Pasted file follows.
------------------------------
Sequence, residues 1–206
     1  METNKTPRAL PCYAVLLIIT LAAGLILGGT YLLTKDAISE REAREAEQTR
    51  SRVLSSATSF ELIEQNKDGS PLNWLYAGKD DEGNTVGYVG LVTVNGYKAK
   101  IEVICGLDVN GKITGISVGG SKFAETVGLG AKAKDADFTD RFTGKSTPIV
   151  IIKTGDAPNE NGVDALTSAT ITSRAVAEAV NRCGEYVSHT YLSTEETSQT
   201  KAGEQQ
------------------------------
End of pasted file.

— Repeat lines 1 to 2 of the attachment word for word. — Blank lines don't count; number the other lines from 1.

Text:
Sequence, residues 1–206
     1  METNKTPRAL PCYAVLLIIT LAAGLILGGT YLLTKDAISE REAREAEQTR